Just as emotion is the invisible thread that connects an audience to characters up on the screen, emotional flow is the invisible thread that connects the individual scenes.
Each scene in a screenplay is separate, distinct. By definition, a new scene occurs when the camera changes time or place (not placement within a scene):
EXT. LIGHTHOUSE—NIGHT INT. LIGHTHOUSE—NIGHT EXT. BEACH—DAY
And so forth. The story leaps from one scene to another, blessedly leaving the boring stuff out (Kosher is a superb example of this art of subtraction, leaping effortlessly from moment to moment, hitting scenes late and getting out early.) We see the pieces of the story that matter, that make a difference, that create—or process—emotion in the characters. And we're able to stay connected to the story—in spite of the leaps—because we follow the emotional flow.
It's analogous to the persistence of vision:
If, while one is looking at an object, it suddenly disappears, the image of it will remain on the retina of the eye for a brief space of time (approximately one tenth of a second) and during that time one will continue to "see" the object although it is no longer before the eye.3
I like to call it the persistence of emotion:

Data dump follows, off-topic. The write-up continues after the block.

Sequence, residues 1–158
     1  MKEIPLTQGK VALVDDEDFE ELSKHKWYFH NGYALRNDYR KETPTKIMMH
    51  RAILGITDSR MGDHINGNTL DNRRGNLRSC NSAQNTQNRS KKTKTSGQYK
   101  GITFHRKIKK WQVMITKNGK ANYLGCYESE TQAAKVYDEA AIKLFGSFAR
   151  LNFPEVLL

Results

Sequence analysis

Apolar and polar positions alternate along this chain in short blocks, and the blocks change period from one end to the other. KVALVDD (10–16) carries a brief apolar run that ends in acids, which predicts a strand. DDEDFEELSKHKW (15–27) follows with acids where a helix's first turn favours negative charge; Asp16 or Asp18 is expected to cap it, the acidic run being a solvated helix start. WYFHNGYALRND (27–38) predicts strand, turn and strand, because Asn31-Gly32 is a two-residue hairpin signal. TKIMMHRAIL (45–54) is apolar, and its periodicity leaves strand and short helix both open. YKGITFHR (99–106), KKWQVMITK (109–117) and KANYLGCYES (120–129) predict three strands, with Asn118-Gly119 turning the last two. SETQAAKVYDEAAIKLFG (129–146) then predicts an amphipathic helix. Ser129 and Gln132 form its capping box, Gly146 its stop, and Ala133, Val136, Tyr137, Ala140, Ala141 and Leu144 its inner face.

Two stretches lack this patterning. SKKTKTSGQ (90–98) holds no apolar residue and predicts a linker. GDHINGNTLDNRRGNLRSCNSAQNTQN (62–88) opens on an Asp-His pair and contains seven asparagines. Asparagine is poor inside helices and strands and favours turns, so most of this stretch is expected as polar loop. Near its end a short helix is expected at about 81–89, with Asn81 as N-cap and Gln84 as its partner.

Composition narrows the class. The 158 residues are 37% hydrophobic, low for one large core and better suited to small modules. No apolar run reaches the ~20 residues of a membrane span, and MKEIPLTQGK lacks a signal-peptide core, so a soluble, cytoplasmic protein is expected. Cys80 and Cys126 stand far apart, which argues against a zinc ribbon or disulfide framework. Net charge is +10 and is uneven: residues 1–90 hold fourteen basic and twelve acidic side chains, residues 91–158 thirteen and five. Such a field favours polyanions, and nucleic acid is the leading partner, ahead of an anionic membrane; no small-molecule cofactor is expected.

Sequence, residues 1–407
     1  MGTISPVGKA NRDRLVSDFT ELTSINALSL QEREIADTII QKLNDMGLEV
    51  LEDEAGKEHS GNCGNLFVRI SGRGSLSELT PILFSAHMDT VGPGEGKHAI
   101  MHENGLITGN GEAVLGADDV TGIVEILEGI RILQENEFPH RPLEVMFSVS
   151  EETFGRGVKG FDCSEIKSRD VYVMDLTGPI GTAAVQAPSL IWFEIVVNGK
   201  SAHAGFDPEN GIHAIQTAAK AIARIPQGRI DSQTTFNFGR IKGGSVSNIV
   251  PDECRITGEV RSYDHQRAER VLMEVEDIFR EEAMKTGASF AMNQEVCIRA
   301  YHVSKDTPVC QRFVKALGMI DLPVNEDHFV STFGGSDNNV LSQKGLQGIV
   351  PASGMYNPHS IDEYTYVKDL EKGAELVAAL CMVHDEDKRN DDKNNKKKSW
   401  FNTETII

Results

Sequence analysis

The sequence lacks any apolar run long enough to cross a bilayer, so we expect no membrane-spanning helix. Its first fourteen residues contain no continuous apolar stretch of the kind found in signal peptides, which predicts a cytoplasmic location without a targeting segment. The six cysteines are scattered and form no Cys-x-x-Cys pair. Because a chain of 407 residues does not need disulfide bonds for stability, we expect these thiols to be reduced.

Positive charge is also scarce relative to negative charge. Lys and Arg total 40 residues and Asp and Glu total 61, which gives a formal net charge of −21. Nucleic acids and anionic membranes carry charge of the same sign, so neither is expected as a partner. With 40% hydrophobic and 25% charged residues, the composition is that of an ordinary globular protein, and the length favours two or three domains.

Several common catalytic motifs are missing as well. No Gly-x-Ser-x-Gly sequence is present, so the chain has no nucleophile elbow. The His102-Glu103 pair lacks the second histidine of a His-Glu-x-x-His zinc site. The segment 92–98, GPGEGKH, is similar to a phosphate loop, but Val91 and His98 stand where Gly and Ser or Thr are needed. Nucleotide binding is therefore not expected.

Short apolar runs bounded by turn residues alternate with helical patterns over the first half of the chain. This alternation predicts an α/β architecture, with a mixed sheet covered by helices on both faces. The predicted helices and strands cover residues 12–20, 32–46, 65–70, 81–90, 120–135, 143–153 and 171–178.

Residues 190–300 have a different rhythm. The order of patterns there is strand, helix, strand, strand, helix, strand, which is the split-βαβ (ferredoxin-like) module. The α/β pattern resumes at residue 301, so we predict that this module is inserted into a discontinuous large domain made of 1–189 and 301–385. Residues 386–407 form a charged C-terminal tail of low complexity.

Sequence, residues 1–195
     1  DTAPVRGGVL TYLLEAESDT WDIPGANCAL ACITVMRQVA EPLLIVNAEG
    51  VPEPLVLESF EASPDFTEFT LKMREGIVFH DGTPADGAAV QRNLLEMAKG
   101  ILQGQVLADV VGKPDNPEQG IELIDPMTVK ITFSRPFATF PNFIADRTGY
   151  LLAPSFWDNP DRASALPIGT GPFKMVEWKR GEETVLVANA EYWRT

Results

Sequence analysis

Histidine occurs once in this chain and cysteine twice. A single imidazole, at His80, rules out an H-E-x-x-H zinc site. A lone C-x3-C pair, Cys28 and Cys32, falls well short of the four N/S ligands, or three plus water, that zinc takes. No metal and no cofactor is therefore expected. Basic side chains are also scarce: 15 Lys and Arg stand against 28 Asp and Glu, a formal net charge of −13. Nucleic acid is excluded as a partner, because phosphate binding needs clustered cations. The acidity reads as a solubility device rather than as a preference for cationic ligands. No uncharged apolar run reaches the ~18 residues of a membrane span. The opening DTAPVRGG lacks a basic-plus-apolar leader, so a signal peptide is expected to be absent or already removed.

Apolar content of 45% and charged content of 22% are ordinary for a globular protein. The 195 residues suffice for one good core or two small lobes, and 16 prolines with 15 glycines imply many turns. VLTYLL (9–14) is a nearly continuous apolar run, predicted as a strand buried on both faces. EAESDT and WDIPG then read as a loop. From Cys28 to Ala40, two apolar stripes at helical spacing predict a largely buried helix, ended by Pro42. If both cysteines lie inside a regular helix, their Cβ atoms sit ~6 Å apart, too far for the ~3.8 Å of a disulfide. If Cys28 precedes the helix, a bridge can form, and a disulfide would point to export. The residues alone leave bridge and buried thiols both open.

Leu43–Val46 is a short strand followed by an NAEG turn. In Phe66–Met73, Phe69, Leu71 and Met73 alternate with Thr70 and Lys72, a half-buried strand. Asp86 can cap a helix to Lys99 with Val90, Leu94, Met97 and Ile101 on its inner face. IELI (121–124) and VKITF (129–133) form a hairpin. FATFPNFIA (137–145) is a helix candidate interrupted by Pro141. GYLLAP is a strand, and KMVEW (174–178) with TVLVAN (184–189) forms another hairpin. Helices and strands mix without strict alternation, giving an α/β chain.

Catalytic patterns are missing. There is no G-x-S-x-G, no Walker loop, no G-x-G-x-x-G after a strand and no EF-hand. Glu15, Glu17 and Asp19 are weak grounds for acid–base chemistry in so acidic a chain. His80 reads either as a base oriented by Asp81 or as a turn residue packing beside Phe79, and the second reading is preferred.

If, while one is looking at an emotion (the boy reacting to his mother being killed by the bus in Central Station, for example) it suddenly disappears because the story leaps to a new scene, the emotion remains on our mind (heart? both?) and we continue to "feel" this emotion during the leap although it is no longer before our eyes.
We—and the character—carry this emotion forward. It flows to the next scene when we see him—hunched over, heartbroken. If he were laughing and singing, we'd say, Huh? The emotional flow wouldn't work. His happy emotions wouldn't feel earned (unless we learned he was in deep denial).
When we watch a film, we're connecting the emotional dots and connecting to the characters as we do. The story—leaps and all—moves forward in what seems to be a seamless emotional flow. And we move forward with it. Even in the wacky mockumentary world of "Killer Kite," which cuts back and forth between the story of the film and the story of the documentary about the making of the film, we are able to follow the emotional flow in each story because the screenwriter provided the dots that we need to connect.
Still, as I said, not all scenes contain a moment of change. The opening scenes of Slow Dancin' and "Killer Kite" establish mood. The opening scene of Cool Breeze and Buzz establishes Paula's character and her world and her relationship to it. But all moments of change are contained in scenes. Pearls in oysters. And sometimes the richest, most resonant scenes have more than one pearl. Which brings me to Charlie Chaplin
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